The European Commission has been asked by Members of the European Parliament (MEPs) to propose a revision of EU rules on the approval of biopesticides, in order to accelerate their adoption.
Pesticides such as those made from bio-organisms and pheromones could replace synthetic ones, but many member states are still reluctant to authorise them, according to a newly adopted European Parliament resolution.
The resolution notes that only seven active substances classified as “low risk” alternatives have been approved for use so far across the EU. MEPs have therefore urged the Commission to put forward proposals to revise the rules before the end of 2018, in order to “fast-track” the evaluation, authorisation and registration of ‘low-risk’ pesticides, while keeping assessment criteria “at a high level.”
Low-risk products such as those based on micro-organisms, botanicals, bio-derived chemicals, or natural semiochemicals such as pheromones or essential oils, “may constitute a viable alternative” to conventional pesticides and contribute to more sustainable farming methods, MEPs have argued.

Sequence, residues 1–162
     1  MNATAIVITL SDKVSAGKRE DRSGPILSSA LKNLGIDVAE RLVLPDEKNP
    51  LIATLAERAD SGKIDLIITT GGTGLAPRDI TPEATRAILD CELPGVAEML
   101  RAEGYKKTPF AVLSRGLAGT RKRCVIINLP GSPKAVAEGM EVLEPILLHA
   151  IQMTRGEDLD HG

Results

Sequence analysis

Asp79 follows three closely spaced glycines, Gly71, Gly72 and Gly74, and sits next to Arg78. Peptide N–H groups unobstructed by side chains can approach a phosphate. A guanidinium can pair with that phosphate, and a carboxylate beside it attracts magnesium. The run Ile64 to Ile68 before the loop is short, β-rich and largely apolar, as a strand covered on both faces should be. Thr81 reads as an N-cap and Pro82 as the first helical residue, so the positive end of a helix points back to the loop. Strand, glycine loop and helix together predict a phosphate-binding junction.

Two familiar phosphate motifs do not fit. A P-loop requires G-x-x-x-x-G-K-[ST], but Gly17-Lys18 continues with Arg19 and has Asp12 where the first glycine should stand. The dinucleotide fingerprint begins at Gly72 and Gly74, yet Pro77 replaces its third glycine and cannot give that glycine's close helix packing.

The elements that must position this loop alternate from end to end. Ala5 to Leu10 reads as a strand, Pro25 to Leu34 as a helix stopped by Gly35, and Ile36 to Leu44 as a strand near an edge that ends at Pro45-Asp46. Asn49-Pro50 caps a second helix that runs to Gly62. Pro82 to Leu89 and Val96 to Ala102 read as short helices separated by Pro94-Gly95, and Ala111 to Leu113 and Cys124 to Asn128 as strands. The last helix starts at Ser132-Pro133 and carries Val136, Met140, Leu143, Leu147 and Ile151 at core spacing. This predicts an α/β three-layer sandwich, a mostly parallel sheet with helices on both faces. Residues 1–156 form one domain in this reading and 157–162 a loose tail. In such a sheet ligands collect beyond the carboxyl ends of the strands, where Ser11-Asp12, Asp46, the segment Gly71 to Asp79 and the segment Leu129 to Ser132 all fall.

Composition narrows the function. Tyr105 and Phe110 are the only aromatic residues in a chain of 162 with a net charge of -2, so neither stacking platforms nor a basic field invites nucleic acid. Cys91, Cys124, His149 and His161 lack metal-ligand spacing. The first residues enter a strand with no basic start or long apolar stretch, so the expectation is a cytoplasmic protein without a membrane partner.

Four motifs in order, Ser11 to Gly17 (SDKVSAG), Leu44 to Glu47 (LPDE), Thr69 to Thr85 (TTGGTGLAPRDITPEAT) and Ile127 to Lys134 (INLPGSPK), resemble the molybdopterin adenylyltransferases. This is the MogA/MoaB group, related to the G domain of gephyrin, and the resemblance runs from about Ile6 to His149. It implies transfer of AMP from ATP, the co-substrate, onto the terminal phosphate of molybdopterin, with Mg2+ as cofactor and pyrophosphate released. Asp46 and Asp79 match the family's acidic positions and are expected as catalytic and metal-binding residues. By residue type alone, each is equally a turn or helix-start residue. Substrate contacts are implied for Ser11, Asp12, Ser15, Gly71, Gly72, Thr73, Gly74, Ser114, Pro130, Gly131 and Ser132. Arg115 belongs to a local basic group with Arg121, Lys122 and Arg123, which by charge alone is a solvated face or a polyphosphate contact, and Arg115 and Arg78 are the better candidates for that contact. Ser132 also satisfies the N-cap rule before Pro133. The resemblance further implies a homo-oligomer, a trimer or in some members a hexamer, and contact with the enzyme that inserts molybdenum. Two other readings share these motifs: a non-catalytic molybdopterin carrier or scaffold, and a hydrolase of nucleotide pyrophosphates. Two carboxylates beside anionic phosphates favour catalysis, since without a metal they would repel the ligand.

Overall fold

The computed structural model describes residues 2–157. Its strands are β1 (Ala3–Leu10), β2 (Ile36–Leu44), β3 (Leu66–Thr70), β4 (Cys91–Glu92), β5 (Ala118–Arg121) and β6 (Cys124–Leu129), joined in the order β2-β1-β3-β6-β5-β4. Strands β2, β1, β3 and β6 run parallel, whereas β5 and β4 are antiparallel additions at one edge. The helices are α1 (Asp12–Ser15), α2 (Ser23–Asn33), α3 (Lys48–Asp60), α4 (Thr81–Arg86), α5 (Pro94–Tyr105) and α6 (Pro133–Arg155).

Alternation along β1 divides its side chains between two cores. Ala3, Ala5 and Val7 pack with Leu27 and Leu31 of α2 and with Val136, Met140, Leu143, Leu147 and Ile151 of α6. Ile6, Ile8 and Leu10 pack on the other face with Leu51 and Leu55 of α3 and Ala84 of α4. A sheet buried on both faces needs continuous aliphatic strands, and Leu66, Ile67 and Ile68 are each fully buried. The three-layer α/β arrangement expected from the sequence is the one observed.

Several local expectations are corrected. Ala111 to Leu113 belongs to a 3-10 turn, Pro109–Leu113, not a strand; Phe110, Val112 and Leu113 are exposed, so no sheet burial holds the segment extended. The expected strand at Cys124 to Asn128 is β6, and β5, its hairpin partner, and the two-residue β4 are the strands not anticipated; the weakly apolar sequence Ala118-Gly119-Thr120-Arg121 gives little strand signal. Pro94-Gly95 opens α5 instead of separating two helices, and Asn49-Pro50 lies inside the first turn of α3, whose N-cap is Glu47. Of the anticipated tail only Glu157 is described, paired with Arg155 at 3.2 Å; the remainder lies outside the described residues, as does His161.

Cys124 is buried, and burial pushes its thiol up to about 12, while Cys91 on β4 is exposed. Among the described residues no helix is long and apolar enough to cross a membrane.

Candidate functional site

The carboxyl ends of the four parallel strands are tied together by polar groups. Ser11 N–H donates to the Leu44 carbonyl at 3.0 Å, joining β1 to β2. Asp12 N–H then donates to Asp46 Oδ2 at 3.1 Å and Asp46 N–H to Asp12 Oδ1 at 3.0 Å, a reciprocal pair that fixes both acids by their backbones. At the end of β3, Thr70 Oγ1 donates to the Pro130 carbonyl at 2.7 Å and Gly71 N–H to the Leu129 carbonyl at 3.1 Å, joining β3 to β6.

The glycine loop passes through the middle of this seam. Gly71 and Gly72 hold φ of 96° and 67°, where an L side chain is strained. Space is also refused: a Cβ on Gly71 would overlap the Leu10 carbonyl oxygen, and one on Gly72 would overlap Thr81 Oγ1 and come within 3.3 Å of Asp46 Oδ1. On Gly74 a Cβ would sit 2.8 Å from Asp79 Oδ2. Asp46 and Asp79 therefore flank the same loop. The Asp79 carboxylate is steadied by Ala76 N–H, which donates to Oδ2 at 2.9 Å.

Biostimulants need further clarity
Meanwhile, a European Commission proposal to create a regulation on organic and waste-based fertilisers must not “unduly discriminate” against processed animal manure and must be “better reconciled” with rapid developments on biostimulants, said lead agriculture committee (ComAgri) Dutch MEP Jan Huitema.
The proposal seeks to set common rules on converting bio-waste into raw materials that can be used to manufacture fertilising products. Bio-wastes could replace up to 30% of non-organic fertilisers. If the new regulation is adopted later this year as scheduled, it should become effective in 2019.
The existing fertilisers regulation dates to 2003 and deals mainly with conventional, non-organic fertilisers and does not deal with so-called ‘innovative fertilising products’. It allows the free movement of products made from synthetic raw materials but it does not include a clearing procedure for organic fertilisers – which the new regulation aims to do.
Huitema however claims that the Commission proposal “is not entirely reconciled” with rapid developments on biostimulants – formulations of compounds, substances and micro-organisms that are applied to plants or soils to improve crop vigour, yields, quality and tolerance of abiotic stresses.
He argues that under the current proposal, there are no clear requirements for the safety evaluation to assess if newly discovered micro-organisms are safe to be used as biostimulants in certified fertiliser products. “There should be clear requirements which producers of microbial plant biostimulants have to comply with. This delays product innovation whereas producers need clarity”, Huitema concludes.